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  10. I totally agree with Dan about the value of older horses; I had a LOT of green horses when I was young because my parents didn't really know any better and kept buying them, and because they were what was in our price range. Moe was my first experience with a horse that had some real training. He didn't have a lot of it- he'd been in training for a while, had been to one horse trial (where he won his beginner novice division!), and was only 8. But he taught me a lot of more refined skills, as opposed to the survival skills I learned on other horses.

    Old, experienced horses are the best. :P

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    1. yea i can definitely see value in that approach. i've got something similar with isabel - she's mature and definitely broke, but she's green to the level we're riding at, and everything we do together we also learn together. it would be awesome to ride something more schooled on the flat so i could learn what it's really supposed to feel like, vs when isabel fakes me out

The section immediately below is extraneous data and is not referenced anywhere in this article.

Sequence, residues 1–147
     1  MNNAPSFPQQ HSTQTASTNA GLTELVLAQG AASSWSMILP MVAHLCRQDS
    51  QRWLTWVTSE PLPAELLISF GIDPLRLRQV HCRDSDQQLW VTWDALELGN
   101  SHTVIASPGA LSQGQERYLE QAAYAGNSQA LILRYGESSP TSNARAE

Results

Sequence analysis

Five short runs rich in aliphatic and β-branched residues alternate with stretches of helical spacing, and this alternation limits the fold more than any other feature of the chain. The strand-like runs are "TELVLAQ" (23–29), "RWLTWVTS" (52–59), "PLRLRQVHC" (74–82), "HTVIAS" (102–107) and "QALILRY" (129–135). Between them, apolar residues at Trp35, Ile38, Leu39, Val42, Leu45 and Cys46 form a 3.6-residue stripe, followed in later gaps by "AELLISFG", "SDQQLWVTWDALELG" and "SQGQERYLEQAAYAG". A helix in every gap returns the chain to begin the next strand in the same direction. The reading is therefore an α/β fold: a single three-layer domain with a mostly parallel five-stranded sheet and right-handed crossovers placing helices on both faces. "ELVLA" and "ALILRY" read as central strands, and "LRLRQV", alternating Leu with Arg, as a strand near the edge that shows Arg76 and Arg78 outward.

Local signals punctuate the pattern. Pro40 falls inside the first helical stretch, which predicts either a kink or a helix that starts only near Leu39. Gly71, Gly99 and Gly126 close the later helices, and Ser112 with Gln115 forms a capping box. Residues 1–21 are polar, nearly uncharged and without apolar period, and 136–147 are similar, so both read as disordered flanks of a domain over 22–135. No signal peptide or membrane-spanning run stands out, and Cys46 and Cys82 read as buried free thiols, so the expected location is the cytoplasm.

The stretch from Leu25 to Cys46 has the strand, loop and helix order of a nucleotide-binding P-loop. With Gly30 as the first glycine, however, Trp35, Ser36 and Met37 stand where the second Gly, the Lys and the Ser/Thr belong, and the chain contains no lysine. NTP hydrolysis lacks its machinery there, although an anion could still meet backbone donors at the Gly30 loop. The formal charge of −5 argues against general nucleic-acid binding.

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  11. It's good to hear he was positive about Bali! An older, more experienced horse is always nice to have access to. It's always good to have the time to think about what you want before jumping into something and you've always seemed like a very level-headed person to me, so I'm sure you'll find the situation that is best for you.

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    1. thanks! i was happy to hear him be positive about this horse too haha, not everyone loves the horse like i do.... but yea, like you say, it's best to consider all the options and fortunately i'm not particularly impulsive. and, really, since i'm actually not in the market right now i'm essentially just pulsing all the different options to see what happens anyway

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  12. I love oldies. They have so much to teach.

    I agree that they are incredibly valuable to an adult ammy rider, but you're looking at a pretty immediate retirement situation most of the time if you buy. A lease would obviously change that up, but it does change the conversation. Most of us struggle to afford one, much less deal with the retirement issue.

    And FWIW, a horse that you connect with and you feel safe on who has a good brain probably isn't a dime a dozen. I have an OTTB who I highly doubt would pass a vet, but he makes me happy.

    All that to say. I like both sides of this argument.

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    1. yea i think you and i pretty much have the same mind on this topic. if only we could just all have all the horses? sigh....

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  13. As the Ammy that's been told that the magical affordable prelim or schooled horses exist they never seemed to be available. I think they are like unicorns...

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    1. lol somehow i suspect you might be right....